The Bad Shepherds by Lizzie Donegan at New Good Studio.
Readers of my generation will no doubt best know Adrian Edmondson for his role in the seminal 80s TV comedy The Young Ones, but it turns out that this polymath is also an accomplished musician. The Bad Shepherds was formed in 2008, infusing classic 80s punk tunes with a riotous folk sensibility, and this August they released their third album on Adrian’s own Monsoon Music label. Snarfle and I have spent many a morning dancing around the living room to Mud, Blood and Beer – a foot stomping pean to festival culture and all that it entails. I asked Adrian some questions…
I love your festival folk re workings of classic pop tunes form the likes of Madness, the Stranglers and The Jam – how did you these come about? I imagine them as the result of a late night jamming session with friends and ale on hand, much as suggested by the album title.
It’s true that modest and occasionally not so modest quantities of real ale can help to lubricate the creative process. It goes a bit like this: Troy and I meet socially rather than ‘to work’, we chat, we discuss the world, we might nip down the boozer for a quick couple of pints. Then we sit in a room with instruments and talk about songs we really like. If we both feel enthusiastic about a song we try and remember the lyrics. WE DO NOT PLAY A RECORDING OF THE SONG – this is very important, otherwise we’d just end up copying. Instead we try and remember the emotional impact the song had on us when it originally came out. Then we might pick up an instrument or two and play around with some chords that might fit the melody, we don’t care if they’re the original chords or not, sometimes we reduce things to a simple drone, sometimes we change the melody – what matters is that we develop a version of the song that fits who we are and how we feel about it. We might record a demo so that we remember what we’ve done. A few weeks later we’ll listen to the backlog of demos we’ve built up with fresh ears and pick out the ones that sort of work, and work on them some more. It’s a hit and miss process. Quite a few songs don’t work out at all. Some get to go through the treatment two or three times – the version of ‘No More Heroes‘ on the album is actually the third version we’ve done of that song.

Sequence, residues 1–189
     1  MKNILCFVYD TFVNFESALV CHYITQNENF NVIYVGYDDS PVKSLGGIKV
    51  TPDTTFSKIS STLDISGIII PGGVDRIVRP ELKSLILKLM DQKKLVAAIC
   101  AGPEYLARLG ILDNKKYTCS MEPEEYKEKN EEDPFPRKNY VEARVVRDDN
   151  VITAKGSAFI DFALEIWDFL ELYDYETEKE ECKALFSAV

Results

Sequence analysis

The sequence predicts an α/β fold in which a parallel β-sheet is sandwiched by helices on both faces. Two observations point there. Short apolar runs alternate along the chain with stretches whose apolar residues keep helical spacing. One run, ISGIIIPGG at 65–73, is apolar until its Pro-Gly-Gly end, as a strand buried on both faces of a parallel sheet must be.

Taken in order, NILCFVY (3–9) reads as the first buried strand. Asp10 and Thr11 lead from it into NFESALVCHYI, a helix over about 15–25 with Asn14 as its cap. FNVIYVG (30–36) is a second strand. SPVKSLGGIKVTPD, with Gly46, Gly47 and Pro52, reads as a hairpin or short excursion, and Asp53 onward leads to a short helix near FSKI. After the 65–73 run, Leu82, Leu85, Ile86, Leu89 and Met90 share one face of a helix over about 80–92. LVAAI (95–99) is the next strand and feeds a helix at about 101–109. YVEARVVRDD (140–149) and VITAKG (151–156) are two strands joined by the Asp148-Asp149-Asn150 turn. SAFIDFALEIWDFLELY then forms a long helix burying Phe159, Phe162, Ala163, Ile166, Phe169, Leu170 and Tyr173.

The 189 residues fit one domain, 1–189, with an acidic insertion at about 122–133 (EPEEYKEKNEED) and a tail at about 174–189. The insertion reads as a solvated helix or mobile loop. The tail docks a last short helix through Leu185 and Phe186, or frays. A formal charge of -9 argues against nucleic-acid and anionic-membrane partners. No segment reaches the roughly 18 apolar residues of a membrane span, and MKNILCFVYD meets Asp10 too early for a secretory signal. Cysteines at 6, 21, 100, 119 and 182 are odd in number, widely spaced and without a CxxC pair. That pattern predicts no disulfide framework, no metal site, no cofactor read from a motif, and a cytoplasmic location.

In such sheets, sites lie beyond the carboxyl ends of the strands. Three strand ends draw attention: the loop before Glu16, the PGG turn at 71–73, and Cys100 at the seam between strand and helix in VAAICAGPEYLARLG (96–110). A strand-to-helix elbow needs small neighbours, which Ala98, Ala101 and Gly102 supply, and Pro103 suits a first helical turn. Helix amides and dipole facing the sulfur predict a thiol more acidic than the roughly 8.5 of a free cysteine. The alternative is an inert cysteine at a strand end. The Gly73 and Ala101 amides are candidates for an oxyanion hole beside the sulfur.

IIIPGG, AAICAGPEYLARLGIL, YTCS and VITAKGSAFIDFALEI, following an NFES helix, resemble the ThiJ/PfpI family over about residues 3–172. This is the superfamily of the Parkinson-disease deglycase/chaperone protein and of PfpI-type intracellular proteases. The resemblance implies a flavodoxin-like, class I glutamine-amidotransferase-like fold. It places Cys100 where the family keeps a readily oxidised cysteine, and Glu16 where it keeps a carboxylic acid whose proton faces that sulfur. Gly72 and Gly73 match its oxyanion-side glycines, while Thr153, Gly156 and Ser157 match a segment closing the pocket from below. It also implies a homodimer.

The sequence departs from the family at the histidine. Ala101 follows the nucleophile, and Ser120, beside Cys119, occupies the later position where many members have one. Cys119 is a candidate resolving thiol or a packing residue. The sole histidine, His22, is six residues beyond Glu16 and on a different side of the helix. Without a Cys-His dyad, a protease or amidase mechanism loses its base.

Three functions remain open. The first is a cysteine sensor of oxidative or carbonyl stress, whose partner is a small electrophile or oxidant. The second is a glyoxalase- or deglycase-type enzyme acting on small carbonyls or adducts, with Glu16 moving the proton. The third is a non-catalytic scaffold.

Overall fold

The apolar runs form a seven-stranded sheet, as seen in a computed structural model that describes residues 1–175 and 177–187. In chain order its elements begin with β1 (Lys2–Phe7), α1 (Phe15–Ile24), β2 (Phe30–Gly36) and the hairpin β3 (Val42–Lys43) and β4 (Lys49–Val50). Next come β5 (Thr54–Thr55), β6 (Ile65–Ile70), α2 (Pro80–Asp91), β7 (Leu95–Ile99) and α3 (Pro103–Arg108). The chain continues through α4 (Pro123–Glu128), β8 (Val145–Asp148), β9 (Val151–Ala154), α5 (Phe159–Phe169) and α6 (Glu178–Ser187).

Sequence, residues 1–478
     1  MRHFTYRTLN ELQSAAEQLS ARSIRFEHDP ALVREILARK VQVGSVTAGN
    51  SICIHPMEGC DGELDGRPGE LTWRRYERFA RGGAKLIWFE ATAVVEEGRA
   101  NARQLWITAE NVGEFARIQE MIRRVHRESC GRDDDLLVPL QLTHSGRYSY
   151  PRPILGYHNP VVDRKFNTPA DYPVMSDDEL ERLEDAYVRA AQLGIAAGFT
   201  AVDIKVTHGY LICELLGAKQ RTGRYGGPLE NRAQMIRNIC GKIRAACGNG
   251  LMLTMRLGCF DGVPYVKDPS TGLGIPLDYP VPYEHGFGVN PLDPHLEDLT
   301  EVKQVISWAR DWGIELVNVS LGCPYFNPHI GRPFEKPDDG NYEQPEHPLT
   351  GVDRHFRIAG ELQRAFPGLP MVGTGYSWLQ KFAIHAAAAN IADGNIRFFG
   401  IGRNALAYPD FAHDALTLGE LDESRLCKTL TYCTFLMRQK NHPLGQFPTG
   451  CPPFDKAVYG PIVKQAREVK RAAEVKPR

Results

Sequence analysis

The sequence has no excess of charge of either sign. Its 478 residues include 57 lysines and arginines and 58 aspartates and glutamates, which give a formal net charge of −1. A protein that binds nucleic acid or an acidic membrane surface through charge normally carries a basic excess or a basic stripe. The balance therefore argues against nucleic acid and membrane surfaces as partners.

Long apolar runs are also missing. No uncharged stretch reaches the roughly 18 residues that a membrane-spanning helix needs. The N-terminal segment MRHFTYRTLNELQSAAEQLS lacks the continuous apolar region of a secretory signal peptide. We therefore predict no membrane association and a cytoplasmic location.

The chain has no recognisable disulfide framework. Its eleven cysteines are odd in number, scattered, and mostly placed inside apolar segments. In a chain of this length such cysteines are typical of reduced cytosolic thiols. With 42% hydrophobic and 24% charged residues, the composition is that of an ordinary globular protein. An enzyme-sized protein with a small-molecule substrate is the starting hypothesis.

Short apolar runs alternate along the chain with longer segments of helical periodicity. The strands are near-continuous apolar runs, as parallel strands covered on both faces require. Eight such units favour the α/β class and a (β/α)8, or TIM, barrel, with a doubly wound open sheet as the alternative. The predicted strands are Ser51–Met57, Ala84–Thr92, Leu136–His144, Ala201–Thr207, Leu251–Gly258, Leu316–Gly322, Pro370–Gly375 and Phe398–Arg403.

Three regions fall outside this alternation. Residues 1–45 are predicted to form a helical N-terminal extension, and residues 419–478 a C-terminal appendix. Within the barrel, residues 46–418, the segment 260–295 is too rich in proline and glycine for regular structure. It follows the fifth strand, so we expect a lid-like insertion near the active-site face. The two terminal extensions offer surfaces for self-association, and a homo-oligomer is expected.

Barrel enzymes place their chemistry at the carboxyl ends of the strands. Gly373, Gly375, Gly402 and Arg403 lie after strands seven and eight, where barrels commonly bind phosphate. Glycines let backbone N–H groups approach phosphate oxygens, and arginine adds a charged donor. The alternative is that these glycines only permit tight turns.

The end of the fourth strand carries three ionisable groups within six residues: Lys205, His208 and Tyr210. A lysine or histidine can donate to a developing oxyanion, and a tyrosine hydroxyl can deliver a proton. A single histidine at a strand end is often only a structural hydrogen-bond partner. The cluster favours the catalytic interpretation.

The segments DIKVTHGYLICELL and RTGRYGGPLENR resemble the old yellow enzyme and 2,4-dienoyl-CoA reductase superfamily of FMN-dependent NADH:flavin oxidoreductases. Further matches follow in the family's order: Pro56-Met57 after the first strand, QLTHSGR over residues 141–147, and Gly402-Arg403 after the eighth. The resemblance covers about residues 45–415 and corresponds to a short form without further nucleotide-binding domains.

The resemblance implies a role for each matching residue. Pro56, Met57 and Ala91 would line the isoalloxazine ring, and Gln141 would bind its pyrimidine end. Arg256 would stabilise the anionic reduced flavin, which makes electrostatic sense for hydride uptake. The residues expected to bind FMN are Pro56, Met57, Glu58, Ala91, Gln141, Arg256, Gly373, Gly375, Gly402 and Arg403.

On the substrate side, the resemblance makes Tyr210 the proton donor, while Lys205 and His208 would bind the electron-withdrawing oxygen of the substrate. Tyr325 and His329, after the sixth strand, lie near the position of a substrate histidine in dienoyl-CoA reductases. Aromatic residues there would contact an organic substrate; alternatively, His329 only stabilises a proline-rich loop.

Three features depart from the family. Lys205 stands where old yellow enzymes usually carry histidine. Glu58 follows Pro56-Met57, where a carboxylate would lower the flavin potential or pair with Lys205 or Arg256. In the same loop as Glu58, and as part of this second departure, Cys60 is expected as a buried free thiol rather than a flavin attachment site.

The Bad Shepherds by Jardley Jean-Louis.
How did the Bad Shepherds form, and how long have you been playing music like this?
Just before Christmas 2007 I went on my annual pre-christmas booze up with some friends in London. Traditionally we end up in Denmark Street – the street with all the old second hand guitar shops – it’s like porn for middle-aged men. I can’t remember the particular details of what happened but when I awoke the next morning there was a mandolin on the kitchen table. A rather nice one made by Paul Hathway. I collect stringed instruments but I didn’t have anything tuned like a mandolin (GDAE) so I set about working out a few chords. Most strummers have a repertoire of songs they play instinctively when they pick up an instrument – mine are all punk a new wave – so I started working out ‘London Calling‘. As it progressed I had a kind of Eureka moment. I could sense that I was onto something different. It sounded so bright, it sounded so different, it made me sing in a different way, it sort of forced me not to COPY but to INTERPRET. I was working with Neil Innes and the Bonzo Dog Doo Dah band at the time. I played him what I’d discovered. He was immediately interested. We went round to his house and started working on the idea. After an enjoyable weekend he turned to me and said ‘You know what? I’m not right for this idea. What you need are some shit hot folk musicians‘. It was sad but true. What a glorious idea! I’d always had an interest in folk. I’d been at Uni in Manchester in the mid 70′s when the Students Union regularly put on punk bands, whilst 100 yards away, the Ducie Arms, an Irish pub, regularly held sessions where fiddle, pipe and banjo would come out. It struck me even then that there was something equally exciting about the raw energy of punk and the raw energy of a reel or a jig kicking off.